I deeply appreciate Mr. Fayle’s theme of pursuing the life you want now, now, now and what are you waiting for? But major or even minor life changes requires planning and budgeting, like it or not. Additionally I would add that our country (and Mr. Fayle’s Canada) still needs bus drivers, mechanics, hot dog vendors, plumbers, teachers and especially doctors who can travel up ones colon to ensure we’re not packin’ polyps (or at least the kind that kill), hey, I’m two years from fifty.

    People can live colorful lives while providing a valued service to their community. No, it’s not bungee jumping in New Zealand or shark massaging in Fiji, but if you live in the moment and have made good professional and personal decisions then you can live a very full life without mapping a future that asks for exotic locales and people. Interesting and fulfilling lives are being lived everywhere, these lives however don’t get much press, they’re not extreme or shrill enough I would venture.

    Sure, jumping ecstaticly in front of Louvre looks like fun and might be symbolic of personal freedom (Paris is not cheap) or dream achieved on Mr. Fayle’s part, but to me it’s less about the place than the person who has found meaning and fulfillment in the moment. But I agree with the premise, don’t put off the life you want to live, but my added spin would suggest that you take pause to understand if you’re not already living that life but all you really need is a good molting.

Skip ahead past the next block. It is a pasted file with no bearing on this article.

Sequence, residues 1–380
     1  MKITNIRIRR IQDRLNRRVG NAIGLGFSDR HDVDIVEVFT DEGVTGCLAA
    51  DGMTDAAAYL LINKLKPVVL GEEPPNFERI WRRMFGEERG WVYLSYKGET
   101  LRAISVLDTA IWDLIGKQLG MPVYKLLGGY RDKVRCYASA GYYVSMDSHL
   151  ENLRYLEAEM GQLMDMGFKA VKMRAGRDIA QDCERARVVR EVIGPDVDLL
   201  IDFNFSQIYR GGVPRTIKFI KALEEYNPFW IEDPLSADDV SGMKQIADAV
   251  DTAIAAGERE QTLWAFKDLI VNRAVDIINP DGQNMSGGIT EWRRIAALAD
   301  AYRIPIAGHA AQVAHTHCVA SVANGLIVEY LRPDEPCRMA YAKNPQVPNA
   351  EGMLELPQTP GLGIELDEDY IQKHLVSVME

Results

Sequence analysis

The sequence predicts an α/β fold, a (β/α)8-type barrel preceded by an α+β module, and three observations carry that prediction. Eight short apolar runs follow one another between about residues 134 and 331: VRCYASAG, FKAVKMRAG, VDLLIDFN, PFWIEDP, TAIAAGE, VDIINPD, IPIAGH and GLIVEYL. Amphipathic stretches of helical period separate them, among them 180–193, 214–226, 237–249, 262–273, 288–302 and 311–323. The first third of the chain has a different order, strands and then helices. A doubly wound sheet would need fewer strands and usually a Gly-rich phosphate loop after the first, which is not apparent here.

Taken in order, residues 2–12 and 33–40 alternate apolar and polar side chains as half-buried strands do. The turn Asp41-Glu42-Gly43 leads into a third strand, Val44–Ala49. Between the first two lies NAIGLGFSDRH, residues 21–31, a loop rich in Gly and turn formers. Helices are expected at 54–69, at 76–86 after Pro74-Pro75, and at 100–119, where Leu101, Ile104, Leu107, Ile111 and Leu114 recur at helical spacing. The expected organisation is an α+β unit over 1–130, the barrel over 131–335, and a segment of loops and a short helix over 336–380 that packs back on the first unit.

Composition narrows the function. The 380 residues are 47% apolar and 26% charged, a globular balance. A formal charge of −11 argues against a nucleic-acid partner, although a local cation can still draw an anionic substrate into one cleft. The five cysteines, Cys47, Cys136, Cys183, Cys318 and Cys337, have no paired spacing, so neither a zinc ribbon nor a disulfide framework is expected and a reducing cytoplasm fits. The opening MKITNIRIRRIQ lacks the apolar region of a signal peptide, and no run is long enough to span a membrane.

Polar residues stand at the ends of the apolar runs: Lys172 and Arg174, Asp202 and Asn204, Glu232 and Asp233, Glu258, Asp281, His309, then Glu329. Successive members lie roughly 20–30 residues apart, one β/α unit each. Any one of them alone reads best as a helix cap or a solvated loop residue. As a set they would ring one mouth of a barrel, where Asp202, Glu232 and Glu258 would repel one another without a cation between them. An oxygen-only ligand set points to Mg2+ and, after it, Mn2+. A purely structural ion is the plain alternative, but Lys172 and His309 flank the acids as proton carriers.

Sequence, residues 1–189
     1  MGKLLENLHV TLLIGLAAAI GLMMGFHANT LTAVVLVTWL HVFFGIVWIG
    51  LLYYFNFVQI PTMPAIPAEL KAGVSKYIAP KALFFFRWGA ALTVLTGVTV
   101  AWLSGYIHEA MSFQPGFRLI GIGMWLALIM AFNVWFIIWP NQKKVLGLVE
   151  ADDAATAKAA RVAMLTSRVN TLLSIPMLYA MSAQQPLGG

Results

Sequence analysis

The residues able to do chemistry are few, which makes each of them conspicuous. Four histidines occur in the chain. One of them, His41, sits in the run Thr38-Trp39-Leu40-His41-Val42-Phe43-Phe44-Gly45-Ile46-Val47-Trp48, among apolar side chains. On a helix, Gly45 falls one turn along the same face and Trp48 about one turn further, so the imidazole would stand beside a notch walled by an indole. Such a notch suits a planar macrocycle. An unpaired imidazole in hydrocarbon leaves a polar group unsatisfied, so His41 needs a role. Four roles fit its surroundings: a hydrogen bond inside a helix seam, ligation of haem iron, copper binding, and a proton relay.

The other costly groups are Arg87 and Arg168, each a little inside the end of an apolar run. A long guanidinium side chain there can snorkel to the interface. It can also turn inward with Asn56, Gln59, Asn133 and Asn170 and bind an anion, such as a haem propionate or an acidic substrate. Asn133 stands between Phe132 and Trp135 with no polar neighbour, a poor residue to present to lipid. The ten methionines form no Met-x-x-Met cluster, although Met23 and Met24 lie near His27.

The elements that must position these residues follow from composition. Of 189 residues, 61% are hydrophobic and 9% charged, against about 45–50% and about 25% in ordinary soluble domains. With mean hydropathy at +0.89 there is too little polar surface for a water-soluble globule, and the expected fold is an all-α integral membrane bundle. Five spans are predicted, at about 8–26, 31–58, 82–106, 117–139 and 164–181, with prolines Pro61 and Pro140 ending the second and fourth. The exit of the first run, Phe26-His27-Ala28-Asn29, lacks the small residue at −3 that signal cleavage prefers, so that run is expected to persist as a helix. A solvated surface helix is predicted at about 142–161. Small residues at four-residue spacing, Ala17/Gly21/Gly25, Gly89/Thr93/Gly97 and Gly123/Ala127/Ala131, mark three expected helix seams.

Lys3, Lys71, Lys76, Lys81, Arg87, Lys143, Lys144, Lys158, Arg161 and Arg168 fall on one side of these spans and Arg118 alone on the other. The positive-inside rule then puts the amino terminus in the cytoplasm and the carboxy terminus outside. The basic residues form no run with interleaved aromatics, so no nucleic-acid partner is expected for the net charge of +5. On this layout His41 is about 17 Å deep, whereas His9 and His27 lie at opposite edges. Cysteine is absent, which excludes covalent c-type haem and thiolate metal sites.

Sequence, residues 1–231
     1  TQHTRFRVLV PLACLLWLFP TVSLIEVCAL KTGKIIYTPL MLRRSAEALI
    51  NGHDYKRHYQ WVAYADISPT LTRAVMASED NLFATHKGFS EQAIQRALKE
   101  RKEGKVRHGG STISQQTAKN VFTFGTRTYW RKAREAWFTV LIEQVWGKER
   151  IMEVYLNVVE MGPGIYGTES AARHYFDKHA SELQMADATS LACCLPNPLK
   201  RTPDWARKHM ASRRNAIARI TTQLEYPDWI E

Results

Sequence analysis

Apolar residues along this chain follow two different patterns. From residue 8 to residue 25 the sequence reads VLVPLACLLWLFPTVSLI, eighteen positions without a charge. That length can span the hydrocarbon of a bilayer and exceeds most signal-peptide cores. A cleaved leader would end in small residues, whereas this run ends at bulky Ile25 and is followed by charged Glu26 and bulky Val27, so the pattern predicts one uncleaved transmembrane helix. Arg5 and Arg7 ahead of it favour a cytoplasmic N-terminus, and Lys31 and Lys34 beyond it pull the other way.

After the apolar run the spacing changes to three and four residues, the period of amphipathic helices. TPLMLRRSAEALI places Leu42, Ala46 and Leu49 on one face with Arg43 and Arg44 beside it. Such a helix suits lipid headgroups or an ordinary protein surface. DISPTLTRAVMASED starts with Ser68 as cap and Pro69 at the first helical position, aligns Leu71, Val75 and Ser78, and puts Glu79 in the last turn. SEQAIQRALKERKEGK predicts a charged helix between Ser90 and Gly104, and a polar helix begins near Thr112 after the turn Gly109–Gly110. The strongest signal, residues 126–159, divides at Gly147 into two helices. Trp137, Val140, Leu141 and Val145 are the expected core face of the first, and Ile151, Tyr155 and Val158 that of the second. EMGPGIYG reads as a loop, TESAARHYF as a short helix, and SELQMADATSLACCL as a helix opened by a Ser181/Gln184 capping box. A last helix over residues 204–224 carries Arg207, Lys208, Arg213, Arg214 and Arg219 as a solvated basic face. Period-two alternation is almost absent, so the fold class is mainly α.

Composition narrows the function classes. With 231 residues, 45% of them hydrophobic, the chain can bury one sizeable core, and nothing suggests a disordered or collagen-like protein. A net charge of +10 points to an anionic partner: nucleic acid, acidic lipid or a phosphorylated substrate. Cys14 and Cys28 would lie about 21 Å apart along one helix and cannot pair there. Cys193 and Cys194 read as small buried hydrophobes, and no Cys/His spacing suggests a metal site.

That’s right, a good molting, where you shed old behaviors and attitudes to find a fresh perspective that puts you in the zone of fulfillment by just making the most of the minute, hour, day, and so on. By really being there and doing that thing that you do but with real attention, or as Jess stated, “getting out of your way”.

    The most fulfilled/happiest people I’ve ever met are neither rich or well traveled or well spoken or especially well educated, but rather people who take pleasure in their work and have something outside of their work that gives them deep personal pleasure. Something that gives their lives dimension beyond income like studying music, writing a poem, making wine, drinking wine, bar-b-que’ing, listening to Beethoven’s Missa Solemnis for the first time or even planning a trip to Paris to learn French on their soil, or, maybe just a good jump in front of the Louvre. Consider the Japanese tea ceremony, it takes years to master the subtle motions and order of those motions whereby over time one learns excellence rather than perfection.